Pete Carroll doesn’t care who the starting running back is

Published on June 8, 2010 by     

Don’t ask Pete Carroll who is starting running back is, because the Seattle Seahawks’ first-year coach doesn’t care right now. He’s too busy enjoying the competition at the position.

Pete Carroll is well aware just what it is that puts the run – and fun – into playing running back.

“Nobody really wants it that way,” the Seahawks’ first-year coach said when asked about the very competitive situation at that very pivotal position after Tuesday’s latest OTA practice.

But to play the position for Carroll, the running backs have to understand where their coach is coming from.

“They’d rather have it, ‘OK, I know what I’m doing. I’m the lead dog,’ ” Carroll said. “But that doesn’t mean that’s what’s best. It’s more comfortable to have everything all secure. But we don’t operate that way.”

No worries. From incumbent starter Julius Jones, to up-and-comer Justin Forsett, to new-back-on-the-block Quinton Ganther, they get it.

They want the ball. They want to be “the guy.” But they realize how the game must be played if you want to play for Carroll – who stresses competition at every position to bring out the best in every player.

So far, that has been the case with the running backs.

Jones, the team’s leading rusher in each of his first two seasons with the Seahawks, continues to run with the No. 1 offense. Forsett, who averaged 5.4 yards per carry last year, is second in line. Ganther, who was added in free agency, and holdover Louis Rankin are next up. In the wings is Leon Washington, who was obtained in a draft day trade with the New York Jets but is not practicing while continuing his rehab of the severe broken leg that ended his 2009 season.

Just don’t ask Carroll who the starter is.

“We’re leaving this thing wide open,” he said. “There is no reason to call it.”

While he conceded that Jones and Forsett are “certainly” in the 1-2 spots, Carroll quickly added, “Whoever is first, it doesn’t matter to me right now. I can’t tell and I don’t care.”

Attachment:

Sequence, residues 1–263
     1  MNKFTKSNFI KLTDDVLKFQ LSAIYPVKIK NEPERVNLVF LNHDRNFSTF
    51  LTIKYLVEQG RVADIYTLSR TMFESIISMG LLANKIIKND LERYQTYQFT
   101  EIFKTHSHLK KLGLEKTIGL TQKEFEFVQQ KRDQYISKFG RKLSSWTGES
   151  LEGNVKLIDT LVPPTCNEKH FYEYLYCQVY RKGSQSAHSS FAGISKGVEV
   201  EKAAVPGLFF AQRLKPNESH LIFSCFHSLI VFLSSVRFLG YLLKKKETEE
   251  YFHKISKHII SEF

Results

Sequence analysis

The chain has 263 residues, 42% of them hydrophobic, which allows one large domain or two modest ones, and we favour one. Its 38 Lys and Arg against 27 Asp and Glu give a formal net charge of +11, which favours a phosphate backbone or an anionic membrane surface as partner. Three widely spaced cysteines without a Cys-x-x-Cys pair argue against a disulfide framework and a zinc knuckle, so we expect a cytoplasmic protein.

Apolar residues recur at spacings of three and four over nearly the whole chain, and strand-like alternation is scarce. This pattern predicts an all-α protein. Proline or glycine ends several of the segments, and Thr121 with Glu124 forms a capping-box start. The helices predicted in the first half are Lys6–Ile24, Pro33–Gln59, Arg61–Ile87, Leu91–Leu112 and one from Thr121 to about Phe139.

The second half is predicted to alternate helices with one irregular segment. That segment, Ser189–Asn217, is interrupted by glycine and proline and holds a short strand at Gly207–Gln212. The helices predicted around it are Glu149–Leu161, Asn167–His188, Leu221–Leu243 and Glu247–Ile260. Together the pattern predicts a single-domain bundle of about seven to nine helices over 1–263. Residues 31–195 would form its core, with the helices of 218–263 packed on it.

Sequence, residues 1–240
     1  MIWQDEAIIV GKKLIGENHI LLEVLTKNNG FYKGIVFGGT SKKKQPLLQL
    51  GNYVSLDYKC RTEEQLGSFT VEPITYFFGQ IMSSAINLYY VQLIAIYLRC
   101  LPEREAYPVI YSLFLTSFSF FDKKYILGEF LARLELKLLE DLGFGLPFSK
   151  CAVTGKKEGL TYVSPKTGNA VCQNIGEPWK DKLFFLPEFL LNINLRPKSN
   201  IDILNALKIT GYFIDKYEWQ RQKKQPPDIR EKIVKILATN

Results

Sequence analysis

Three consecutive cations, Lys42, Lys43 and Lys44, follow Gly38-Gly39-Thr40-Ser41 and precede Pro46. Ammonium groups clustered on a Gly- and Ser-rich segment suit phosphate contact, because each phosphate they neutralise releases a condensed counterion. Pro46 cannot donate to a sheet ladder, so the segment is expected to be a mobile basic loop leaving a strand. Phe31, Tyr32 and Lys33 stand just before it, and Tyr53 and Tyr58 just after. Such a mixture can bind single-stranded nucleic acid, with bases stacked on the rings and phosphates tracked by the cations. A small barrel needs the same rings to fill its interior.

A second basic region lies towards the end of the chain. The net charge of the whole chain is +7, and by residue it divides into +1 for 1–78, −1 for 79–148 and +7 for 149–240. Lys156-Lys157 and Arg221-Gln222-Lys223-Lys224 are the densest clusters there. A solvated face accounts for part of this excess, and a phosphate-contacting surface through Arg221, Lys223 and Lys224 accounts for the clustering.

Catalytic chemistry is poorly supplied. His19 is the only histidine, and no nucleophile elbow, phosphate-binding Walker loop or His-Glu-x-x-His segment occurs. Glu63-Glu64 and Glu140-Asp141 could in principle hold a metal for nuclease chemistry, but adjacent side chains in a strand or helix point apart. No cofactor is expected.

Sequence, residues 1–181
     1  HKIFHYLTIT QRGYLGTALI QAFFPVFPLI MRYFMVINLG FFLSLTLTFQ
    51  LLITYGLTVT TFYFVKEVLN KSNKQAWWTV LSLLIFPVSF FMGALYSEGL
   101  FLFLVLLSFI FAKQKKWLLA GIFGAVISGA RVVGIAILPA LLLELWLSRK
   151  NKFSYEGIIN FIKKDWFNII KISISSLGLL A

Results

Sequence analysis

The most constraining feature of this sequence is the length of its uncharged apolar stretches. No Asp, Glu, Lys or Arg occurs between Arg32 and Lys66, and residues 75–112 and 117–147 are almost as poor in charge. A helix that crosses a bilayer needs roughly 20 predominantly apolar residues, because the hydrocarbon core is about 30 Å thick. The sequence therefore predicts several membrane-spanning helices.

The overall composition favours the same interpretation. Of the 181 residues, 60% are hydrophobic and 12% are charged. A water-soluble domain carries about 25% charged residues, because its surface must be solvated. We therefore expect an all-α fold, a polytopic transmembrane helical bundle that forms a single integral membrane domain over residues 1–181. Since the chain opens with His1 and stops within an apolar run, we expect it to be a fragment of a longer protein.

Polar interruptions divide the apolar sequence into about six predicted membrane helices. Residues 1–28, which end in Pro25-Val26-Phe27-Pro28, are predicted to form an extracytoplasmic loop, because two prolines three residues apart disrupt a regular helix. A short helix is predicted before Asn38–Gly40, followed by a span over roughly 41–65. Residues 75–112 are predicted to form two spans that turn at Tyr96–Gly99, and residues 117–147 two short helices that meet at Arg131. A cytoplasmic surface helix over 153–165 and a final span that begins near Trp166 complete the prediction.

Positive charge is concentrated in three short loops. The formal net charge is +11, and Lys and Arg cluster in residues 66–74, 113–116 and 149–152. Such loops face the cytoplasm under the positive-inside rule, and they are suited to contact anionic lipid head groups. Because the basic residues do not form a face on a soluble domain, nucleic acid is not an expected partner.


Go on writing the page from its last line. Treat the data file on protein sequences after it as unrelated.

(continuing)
With that said, he’s a look at Jones, Forsett and Ganther – and how they are accepting this competitive situation.

Jones (5-10, 208). A second-round draft choice by the Dallas Cowboys in 2004, he signed with the Seahawks in free agency two years ago. He has been the team’s leading rusher, but with totals of 698 yards in 2008 and 663 yards last season.

“(Competition) doesn’t bother me at all,” Jones said. “Everything pushes me – everything I hear, see. Everything.”

Asked if his mindset was that he is “the guy” and everyone else is competing with him, Jones said, “Always, man. Every running back has that mentality. I know I do. I’ve had that ever since I’ve been playing and I will continue to have that.”

Offered Carroll, “He’s done a great job. He’s been here throughout (the offseason) and he’s a great worker. He’s got terrific talent level, knows what he’s doing. He can catch the football. There is nothing he can’t do.”

Forsett (5-8, 198). A seventh-round draft choice in 2008, Forsett became an almost-instant fan favorite – due to his preseason efforts as a rookie, but also because of how he attacks a game the seems too big for him to play.

The Seahawks lost him briefly in ’08, when the Indianapolis Colts signed Forsett after he was released and before the club could put him on the practice squad. Released by the Colts, Forsett was back to stay by early October.

His rookie contributions were limited to returning punts (9.9-yard average) and kickoffs (24.9). But last year, he compiled more than 900 yards rushing and receiving and also scored five touchdowns.

“Because it is a competition, and nothing is set in stone, that gives everybody the motivation to get that (starting) spot,” Forsett said. “Everybody is competing. Everybody wants it. So you’re getting the best out of everybody.”

Offered Carroll, “Julius is not the same as Justin. They are different guys right now.”

Forsett was one of the first players Carroll mentioned after he was hired in January, as he pointed out how impressive it is to average 5.4 yards per carry.

Ganther (5-9, 220). He spent three seasons with the Tennessee Titans, who drafted him in the seventh round in 2006. Last year, with the Washington Redskins, he ran for a career-high 201 yards on 62 carries. The Seahawks signed him in March.

With the recent release of LenDale White, who was obtained in a draft day trade with the Titans, Ganther has the bulk to be the more physical runner Carroll has been looking for. He also played some fullback while with the Titans.

“One thing I like about it, they stress competing,” Ganther said. “So we’re not going to have any weak links, because everyone is a competitor and you don’t want to be that guy.

“I’ve been in the league five years now because I try to do all the little things right and give it all I’ve got, and they know they can count on me. I’m one of those guys who does things that the other guys don’t want to do. That’s because I’m a ‘team’ player, not a ‘me’ player.”

Offered Carroll, “Quinton does something every day.”

Tuesday, the best of his runs came with a nifty move that allowed him to squirt through a small crease in the line.

“He is aggressive. He is versatile,” Carroll said. “He has good instincts running the football. He is catching the football well. We are anticipating that he is going to be a great special teams player, too. He has done nothing but positive things.”

Which brings us back to the competitive nature of the position – and at the position.

“This is a good, solid, competitive group right now,” Carroll said.

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